Thursday, September 22, 2011

Antoinette Sierri (Scierri), French Serial Killer Nurse - 1925

NOTE: Antoinette Sierri’s crimes were committed in the same region as another serial killer nurse, Rose Theyre. Both were prosecuted in the came court in Nimes.

English language sources spell the name sometimes as “Scierri,” and sometimes “Sierri.” French sources, presumably more reliable on the spelling of the name of this Italian immigrant to France, use the spelling “Sierri.” The spellings in the original published texts are, however, retained in the transcription below.


FULL TEXT  (Article 1 of 4): Paris. May 26. – Not since the memorable Landru, known as “Bluebeard,” the wholesale murderer, has France been so startled as it has by the revelations brought out in the recent trial of Antoinette Scierri.

Landru, the colossal murderer, hunted his victims, and robbed them, and committed his murders to coyer up his robberies. But Antoinette killed her victims for the sheer enjoyment of seeing them die.

“Bluebeard” Landru, the police calculated, had murdered about  fifty women whom he had married or offered to marry. Antoinette achieved, according to the police estimate, a list of about thirty victims, but in only one case did she take any of their belongings.

Antoinette Scierri had a most exceptional opportunity for indulging her weakness for destroying human life – she was a professional nurse. In this capacity she was able to enlist her services at the bedside of people who were under the doctor’s care and taking medicine. Thus she was left in charge of patients and had every opportunity to administer the fatal dose and cover up her crime.

When the patient died and the doctor at his next call was surprised at the news, Antoinette had a story to. tell him of the last moments, of the departed patient which concealed the true facts and symptoms and completely misled the attending physician.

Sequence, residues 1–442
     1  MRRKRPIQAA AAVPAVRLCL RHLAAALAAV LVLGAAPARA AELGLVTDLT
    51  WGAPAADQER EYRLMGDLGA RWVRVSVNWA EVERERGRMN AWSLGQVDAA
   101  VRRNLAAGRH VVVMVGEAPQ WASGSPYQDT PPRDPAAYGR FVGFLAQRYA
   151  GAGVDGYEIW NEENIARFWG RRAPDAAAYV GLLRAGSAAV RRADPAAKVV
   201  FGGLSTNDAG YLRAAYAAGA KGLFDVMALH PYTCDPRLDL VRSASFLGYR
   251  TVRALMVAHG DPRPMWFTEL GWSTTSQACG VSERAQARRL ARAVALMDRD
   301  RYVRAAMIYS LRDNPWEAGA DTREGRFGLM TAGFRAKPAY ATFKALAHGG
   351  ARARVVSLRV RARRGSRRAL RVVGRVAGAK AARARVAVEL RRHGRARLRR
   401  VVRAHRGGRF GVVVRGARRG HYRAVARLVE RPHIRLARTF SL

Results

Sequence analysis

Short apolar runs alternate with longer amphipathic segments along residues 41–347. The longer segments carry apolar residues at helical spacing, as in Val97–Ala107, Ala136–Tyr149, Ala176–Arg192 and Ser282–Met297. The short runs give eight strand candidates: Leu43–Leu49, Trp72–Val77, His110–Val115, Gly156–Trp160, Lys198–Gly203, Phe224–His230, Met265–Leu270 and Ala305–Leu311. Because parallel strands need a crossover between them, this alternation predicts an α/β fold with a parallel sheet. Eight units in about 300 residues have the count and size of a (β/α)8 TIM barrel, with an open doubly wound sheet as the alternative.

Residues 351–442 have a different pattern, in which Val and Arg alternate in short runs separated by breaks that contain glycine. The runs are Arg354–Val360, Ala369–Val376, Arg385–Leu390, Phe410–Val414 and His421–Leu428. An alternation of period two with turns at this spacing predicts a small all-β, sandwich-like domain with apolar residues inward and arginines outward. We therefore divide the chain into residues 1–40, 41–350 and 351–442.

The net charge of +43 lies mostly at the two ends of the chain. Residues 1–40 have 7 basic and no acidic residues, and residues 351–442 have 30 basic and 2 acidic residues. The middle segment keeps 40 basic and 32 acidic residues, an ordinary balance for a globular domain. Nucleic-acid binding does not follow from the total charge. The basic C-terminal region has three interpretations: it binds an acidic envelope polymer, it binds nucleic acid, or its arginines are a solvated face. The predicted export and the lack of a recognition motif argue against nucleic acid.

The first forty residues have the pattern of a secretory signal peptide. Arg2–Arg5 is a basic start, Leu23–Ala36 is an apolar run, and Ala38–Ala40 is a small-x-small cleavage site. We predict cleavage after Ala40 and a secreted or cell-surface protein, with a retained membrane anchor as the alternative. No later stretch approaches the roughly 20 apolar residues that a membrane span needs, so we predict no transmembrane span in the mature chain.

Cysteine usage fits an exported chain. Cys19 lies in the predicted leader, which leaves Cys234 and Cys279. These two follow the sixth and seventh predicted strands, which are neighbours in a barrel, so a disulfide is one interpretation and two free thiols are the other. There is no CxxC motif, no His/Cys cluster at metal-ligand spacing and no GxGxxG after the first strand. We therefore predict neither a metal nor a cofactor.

In the course of her recent trial it was proved that, she had murdered at least a dozen persons, and one of them was the man she loved and was engaged to marry. When the unfortunate man, Henri Rossignol, fell ill and sent for her to nurse him back to health and strength, the impulse was so irresistible that she mixed her usual fatal dose and sat entranced on the edge of the bed as she watched the dying agonies of the man she loved.

Antoinette has now been condemned to the guillotine, but whether she will be executed is doubtful, in spite of the enormity of her crimes.

She came two years ago to live in the little town of St. Gilles, near the famous old city of Nimes, in the south of France. She was an excellent professional nurse and practiced her calling in St. Gilles and the surrounding country. She had a remarkably winning and ingratiating manner, both with patients and their families.

Antoinette had a rather mysterious past. She has been married to M. Salomon, a wealthy business man, who discovered that she had been unfaithful.

The woman possessed a marked power of fascinating men. At. St. Giles she became engaged to Henri Rossignol, and handsome and wealthy landowner, somewhat younger than herself.

The exposure of Antoinette’s crimes began on April 9 last. On that day Madame Gouant, wife of one of the leading business men of the town, died while under treatment for asthma. Antoinette had been acting as her nurse.

The police had already begun to suspect Antoinette on account of the death of Rossignol, a powerful and healthy young man, who was merely suffering from a serve attack of grippe. A soon as Madame Gouant died they arrested Antoinette and began an investigation, which revealed an astonishing trail of mysterious deaths wherever she had acted as nurse. It is probable the total number attributable to her will never be known. The police actually exhumed the bodies of twelve supposed victims of Antoinette.

In a stable connected with the Gouant house the police found a big bottle of pyralion, a composition of arsenic, large enough to poison a hundred people. Pyralion is generally used in vine culture to protect the vines against disease. As there extensive vineyards in the neighborhood of St. Gilles, the poison is always available in large quantities there.

M. Gouant, the father-in-law of the deceased woman, is a great owner of vineyards, and the presence of poison in his stable did not at first seem a remarkable circumstance. When he was questioned, however, he said that neither he nor any of his employees had purchased or used pyralion recently.

A considerable quantity had been taken from the bottle. Investigation proved that Antoinette had obtained it through a vine grower of her acquaintance. An autopsy was performed on Madame Gouant’s body and over fifteen grains of arsenic were found in her intestines.